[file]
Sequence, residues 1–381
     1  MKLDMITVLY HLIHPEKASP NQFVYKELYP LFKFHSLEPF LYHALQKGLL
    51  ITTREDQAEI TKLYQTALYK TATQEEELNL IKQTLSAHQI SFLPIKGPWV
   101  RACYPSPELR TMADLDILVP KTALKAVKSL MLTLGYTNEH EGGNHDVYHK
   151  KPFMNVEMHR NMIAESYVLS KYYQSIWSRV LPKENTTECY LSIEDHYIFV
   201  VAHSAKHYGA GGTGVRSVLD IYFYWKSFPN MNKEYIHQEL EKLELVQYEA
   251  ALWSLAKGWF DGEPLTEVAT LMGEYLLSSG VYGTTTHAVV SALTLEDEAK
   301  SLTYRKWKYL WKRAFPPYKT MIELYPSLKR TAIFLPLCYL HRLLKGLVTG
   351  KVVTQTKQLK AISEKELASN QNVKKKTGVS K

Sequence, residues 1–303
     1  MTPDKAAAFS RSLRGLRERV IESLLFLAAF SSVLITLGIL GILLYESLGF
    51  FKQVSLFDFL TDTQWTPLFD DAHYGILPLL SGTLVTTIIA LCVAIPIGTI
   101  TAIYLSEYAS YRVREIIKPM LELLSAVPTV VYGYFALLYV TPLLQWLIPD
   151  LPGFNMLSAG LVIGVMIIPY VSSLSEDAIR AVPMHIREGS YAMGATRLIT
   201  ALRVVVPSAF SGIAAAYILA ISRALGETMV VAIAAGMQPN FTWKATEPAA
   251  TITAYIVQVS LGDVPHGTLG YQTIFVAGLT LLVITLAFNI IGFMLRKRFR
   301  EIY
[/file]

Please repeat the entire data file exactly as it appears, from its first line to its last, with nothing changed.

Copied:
Sequence, residues 1–381
     1  MKLDMITVLY HLIHPEKASP NQFVYKELYP LFKFHSLEPF LYHALQKGLL
    51  ITTREDQAEI TKLYQTALYK TATQEEELNL IKQTLSAHQI SFLPIKGPWV
   101  RACYPSPELR TMADLDILVP KTALKAVKSL MLTLGYTNEH EGGNHDVYHK
   151  KPFMNVEMHR NMIAESYVLS KYYQSIWSRV LPKENTTECY LSIEDHYIFV
   201  VAHSAKHYGA GGTGVRSVLD IYFYWKSFPN MNKEYIHQEL EKLELVQYEA
   251  ALWSLAKGWF DGEPLTEVAT LMGEYLLSSG VYGTTTHAVV SALTLEDEAK
   301  SLTYRKWKYL WKRAFPPYKT MIELYPSLKR TAIFLPLCYL HRLLKGLVTG
   351  KVVTQTKQLK AISEKELASN QNVKKKTGVS K

Sequence, residues 1–303
     1  MTPDKAAAFS RSLRGLRERV IESLLFLAAF SSVLITLGIL GILLYESLGF
    51  FKQVSLFDFL TDTQWTPLFD DAHYGILPLL SGTLVTTIIA LCVAIPIGTI
   101  TAIYLSEYAS YRVREIIKPM LELLSAVPTV VYGYFALLYV TPLLQWLIPD
   151  LPGFNMLSAG LVIGVMIIPY VSSLSEDAIR AVPMHIREGS YAMGATRLIT
   201  ALRVVVPSAF SGIAAAYILA ISRALGETMV VAIAAGMQPN FTWKATEPAA
   251  TITAYIVQVS LGDVPHGTLG YQTIFVAGLT LLVITLAFNI IGFMLRKRFR
   301  EIY